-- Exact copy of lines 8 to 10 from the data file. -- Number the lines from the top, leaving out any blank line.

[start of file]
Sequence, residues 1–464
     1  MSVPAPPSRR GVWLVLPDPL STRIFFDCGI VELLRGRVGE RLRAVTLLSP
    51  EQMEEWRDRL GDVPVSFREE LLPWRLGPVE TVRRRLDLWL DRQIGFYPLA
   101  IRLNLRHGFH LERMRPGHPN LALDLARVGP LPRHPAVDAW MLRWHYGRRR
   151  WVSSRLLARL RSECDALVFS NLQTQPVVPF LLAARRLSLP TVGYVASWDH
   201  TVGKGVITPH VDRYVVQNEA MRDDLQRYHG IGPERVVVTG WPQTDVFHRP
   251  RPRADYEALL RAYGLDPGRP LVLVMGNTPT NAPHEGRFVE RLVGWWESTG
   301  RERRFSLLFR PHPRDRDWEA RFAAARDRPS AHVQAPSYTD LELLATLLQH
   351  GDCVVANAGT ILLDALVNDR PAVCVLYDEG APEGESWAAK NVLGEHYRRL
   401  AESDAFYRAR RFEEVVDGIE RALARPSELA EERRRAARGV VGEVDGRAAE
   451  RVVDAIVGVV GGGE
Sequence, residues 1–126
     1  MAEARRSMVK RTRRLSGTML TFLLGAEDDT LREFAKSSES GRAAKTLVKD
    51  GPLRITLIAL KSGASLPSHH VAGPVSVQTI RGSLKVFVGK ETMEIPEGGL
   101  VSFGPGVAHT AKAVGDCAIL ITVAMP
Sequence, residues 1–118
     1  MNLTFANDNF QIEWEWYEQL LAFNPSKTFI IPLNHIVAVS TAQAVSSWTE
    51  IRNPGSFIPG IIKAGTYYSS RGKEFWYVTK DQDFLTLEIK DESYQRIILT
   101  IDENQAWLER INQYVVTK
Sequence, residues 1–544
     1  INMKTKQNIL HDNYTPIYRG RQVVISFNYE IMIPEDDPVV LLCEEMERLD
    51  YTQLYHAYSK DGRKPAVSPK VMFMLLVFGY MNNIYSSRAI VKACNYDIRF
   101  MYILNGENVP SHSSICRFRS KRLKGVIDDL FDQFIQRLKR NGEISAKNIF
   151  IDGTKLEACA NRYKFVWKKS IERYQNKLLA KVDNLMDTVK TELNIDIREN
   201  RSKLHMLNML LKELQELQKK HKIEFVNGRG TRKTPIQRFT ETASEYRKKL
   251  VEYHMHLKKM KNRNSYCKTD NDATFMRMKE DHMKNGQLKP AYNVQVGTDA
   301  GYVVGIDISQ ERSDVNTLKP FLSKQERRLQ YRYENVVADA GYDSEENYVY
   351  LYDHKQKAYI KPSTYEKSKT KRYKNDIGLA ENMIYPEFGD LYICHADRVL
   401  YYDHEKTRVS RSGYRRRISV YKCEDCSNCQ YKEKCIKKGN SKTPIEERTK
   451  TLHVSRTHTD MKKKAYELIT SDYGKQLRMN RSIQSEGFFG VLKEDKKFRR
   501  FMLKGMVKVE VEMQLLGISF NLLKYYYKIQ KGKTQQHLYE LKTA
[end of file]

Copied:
   301  RERRFSLLFR PHPRDRDWEA RFAAARDRPS AHVQAPSYTD LELLATLLQH
   351  GDCVVANAGT ILLDALVNDR PAVCVLYDEG APEGESWAAK NVLGEHYRRL
   401  AESDAFYRAR RFEEVVDGIE RALARPSELA EERRRAARGV VGEVDGRAAE